P is for Neil Pasricha: The 3 As Of Awesome

Neil’s blog http://1000awesomethings.com/ has won many accolades.

In this video he describes how the blog came about as he wrote about appreciating things in life. He also outlines the importance of the 3 As.

Attitude – having a positive attitude.

Awareness – being fully aware in life.

Authenticity – being true to your values.

Here is the background information taken from TED.

Neil uses the power of blogging to spread a little optimism each day about the awesome things that make life worth living.

He never imagined that writing about the smell of gasoline, thinking it’s Thursday when it’s really Friday, or wearing underwear just out of the dryer would amount to anything.

A self-described “average guy” with a typical 9-to-5 job in the suburbs, Neil started his blog 1000 Awesome Things, as a small reminder — in a world of rising sea levels, global conflict, and a troubled economy — of the free, easy little joys that make life sweet.

He certainly didn’t anticipate that his site would gain a readership of millions of people, win two Webby Awards (“the Internet’s highest honor” according to The New York Times), be named one of PC Magazine’s Top 100 Sites On the Internet, or become a place where people from around the world would come to celebrate the simple pleasures of daily life.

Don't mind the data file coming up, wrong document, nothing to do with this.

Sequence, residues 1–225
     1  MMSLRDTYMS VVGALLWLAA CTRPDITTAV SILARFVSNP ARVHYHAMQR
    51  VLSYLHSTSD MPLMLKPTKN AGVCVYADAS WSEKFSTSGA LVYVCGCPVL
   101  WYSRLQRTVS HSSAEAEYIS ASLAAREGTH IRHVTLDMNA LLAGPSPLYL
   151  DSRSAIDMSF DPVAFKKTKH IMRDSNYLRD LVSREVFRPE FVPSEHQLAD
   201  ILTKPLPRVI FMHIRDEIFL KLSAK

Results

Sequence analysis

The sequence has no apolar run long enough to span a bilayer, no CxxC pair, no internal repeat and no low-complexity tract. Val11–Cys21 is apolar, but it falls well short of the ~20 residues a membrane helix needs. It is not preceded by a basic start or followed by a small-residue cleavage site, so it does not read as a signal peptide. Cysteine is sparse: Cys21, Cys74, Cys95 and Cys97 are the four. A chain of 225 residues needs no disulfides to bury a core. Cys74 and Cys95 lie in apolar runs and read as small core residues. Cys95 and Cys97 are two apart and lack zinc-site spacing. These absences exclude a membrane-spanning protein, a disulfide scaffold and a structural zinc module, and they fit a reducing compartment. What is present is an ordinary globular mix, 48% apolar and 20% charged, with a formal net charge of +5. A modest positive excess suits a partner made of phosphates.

His first book The Book of Awesome has become a #1 International Bestseller and The Book of Awesome 2 published in Spring, 2011.

Here are some reviews. First, from The Vancouver Sun.

1000 Awesome Things might be described as optimism for the rest of us.

Sunny without being saccharine, it’s a countdown of life’s little joys that reads like a snappy Jerry Seinfeld monologue by way of Maria Von Trapp.

Second, from The Huffington Post.

None of what Pasricha shares is philosophical or heady.

Similarly, his style is not a pontification on a single universal truth on how to live a more positive life, regardless of one’s personal circumstances.

It’s absent of prescriptions that assume only changing the way we think will result in better outcomes.

He merely brings to life — and reminds us about — the small occasions that will likely have you saying to yourself, ‘Yes, that is so right. Why didn’t I think of that?’

Pasricha doesn’t mandate a way to live well. In many simple ways, he just reminds us that we already do.


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